Book Summary: In the Market: The Illustrated History of the Financial Markets
In the Market: The Illustrated History of the Financial Markets
by Christopher Finch
Published in 2001
Colourful coffee-table book covering the history of various markets (not just the stock market); Visually appealing reference book
Anyone interested in business/investing/economics/economic history
My Rating: 91%
(anything over 25% is worth considering; over 50% is recommended; over 90% is highly recommended)
As anyone continuously following this blog would know, this isn't a typical investment blog. Most blogs are focused on certain aspects of investing—fundamental analysis, technical analysis, macroeconomics, trading, value investing, dividend stocks, and so forth—whereas I tend to write about anything. I'm sure this is frustrating to some and it will probably keep my readership very low forever (for instance, I haven't analyzed any stocks, other than special situations, in more than an year—anyone looking for investing ideas may have been dissapointed, although, by complete fluke, it would have prevented one from buying stocks during a crash and suffering massive losses.) Well, the reason I don't focus on anything is because my interests are diverse and it gets boring to do the same sort of thing over and over again. In a similar vein, the books I read are also generally different from what you see on most sites. In the Market is one such book.
I purchased In the Market: The Illustrated History of the Financial Markets a few months ago. Written by Christopher Finch, it is a large-format coffee-table book suitable as a reference for anyone's home or office. I did some research before buying and this is the best coffee-table-type book (on this topic) I could find anywhere. As to be expected in coffee-table type books, there are a ton of pictures with some spanning one and a half pages of the large book.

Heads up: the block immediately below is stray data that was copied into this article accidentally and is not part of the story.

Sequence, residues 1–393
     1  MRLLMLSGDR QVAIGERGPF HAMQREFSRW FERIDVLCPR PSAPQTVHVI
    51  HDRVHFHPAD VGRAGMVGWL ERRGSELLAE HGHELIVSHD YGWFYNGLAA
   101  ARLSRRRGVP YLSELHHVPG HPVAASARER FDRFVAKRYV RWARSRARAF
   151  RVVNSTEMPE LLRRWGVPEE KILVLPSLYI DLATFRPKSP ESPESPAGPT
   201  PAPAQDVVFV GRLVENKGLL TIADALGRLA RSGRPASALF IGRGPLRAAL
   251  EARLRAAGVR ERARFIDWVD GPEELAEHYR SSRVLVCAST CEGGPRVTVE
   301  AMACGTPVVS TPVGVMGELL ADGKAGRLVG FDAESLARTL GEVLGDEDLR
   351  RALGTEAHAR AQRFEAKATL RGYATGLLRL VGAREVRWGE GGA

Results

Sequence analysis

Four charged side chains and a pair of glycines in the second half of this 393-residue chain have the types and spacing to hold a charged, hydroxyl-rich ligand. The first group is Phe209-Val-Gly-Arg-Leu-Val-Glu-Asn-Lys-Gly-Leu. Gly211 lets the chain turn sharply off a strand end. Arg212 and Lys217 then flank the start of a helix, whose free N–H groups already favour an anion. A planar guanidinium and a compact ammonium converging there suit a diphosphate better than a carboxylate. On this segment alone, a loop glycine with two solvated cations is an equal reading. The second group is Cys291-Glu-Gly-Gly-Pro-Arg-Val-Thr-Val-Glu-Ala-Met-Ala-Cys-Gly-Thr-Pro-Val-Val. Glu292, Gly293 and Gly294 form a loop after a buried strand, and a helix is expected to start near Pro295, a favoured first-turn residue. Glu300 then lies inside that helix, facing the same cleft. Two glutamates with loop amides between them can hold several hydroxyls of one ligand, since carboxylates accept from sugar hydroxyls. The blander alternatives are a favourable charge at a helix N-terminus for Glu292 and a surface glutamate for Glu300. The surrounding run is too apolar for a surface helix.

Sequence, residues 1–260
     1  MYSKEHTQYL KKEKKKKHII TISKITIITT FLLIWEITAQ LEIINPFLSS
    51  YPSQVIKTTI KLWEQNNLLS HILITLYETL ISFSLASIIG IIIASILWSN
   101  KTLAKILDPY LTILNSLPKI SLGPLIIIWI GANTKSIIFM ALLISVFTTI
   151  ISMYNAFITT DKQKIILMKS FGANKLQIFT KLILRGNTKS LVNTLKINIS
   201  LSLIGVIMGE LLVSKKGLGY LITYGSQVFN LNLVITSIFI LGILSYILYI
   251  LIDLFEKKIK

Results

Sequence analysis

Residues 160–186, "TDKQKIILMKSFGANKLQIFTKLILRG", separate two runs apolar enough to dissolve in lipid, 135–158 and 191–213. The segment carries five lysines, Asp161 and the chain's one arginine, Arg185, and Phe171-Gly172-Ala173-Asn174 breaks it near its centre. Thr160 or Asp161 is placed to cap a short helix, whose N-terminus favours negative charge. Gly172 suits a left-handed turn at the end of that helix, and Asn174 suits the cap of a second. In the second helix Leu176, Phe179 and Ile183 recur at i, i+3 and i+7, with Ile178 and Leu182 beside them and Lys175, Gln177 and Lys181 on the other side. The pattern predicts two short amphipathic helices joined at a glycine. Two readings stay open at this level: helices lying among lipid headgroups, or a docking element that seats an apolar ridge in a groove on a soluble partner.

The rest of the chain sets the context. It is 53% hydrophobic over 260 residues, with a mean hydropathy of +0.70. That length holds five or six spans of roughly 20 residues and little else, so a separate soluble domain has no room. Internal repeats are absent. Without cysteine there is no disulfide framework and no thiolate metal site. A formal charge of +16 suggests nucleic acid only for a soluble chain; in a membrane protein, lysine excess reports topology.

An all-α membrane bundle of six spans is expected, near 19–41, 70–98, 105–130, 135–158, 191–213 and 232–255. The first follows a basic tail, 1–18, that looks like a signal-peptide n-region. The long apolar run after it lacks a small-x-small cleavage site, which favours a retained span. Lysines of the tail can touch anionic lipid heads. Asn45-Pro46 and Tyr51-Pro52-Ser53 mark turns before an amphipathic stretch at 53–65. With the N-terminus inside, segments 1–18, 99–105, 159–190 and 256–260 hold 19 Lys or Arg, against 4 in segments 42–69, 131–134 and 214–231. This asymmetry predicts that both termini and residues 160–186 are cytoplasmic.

In the Market covers markets of all sorts—not just the stock market—from several thousand years ago to the present. Most of the book, though, deals with the last century. The early history is quite weak and is mostly a general overview. I suspect this is because most of the early innovations and advanced civilizations were in the Middle East or Asia and historical records are hard to come by—this is especially true before the invention of writing on paper. The early European period, pre-British, from 1500 to 1800 starts getting interesting. But the real detail starts with the establishment of Wall Street under a buttonwood tree.